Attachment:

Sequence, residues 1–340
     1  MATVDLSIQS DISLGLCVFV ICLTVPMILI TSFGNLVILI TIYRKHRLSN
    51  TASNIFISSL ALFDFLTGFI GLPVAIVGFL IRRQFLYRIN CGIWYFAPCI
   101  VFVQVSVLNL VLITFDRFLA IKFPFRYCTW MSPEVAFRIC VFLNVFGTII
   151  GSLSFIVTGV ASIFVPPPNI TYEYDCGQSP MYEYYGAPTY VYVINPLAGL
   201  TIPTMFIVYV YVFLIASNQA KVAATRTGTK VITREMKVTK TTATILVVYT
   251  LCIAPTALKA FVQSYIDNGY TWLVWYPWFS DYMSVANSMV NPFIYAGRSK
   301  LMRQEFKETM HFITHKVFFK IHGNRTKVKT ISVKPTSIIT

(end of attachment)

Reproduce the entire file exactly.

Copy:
Sequence, residues 1–340
     1  MATVDLSIQS DISLGLCVFV ICLTVPMILI TSFGNLVILI TIYRKHRLSN
    51  TASNIFISSL ALFDFLTGFI GLPVAIVGFL IRRQFLYRIN CGIWYFAPCI
   101  VFVQVSVLNL VLITFDRFLA IKFPFRYCTW MSPEVAFRIC VFLNVFGTII
   151  GSLSFIVTGV ASIFVPPPNI TYEYDCGQSP MYEYYGAPTY VYVINPLAGL
   201  TIPTMFIVYV YVFLIASNQA KVAATRTGTK VITREMKVTK TTATILVVYT
   251  LCIAPTALKA FVQSYIDNGY TWLVWYPWFS DYMSVANSMV NPFIYAGRSK
   301  LMRQEFKETM HFITHKVFFK IHGNRTKVKT ISVKPTSIIT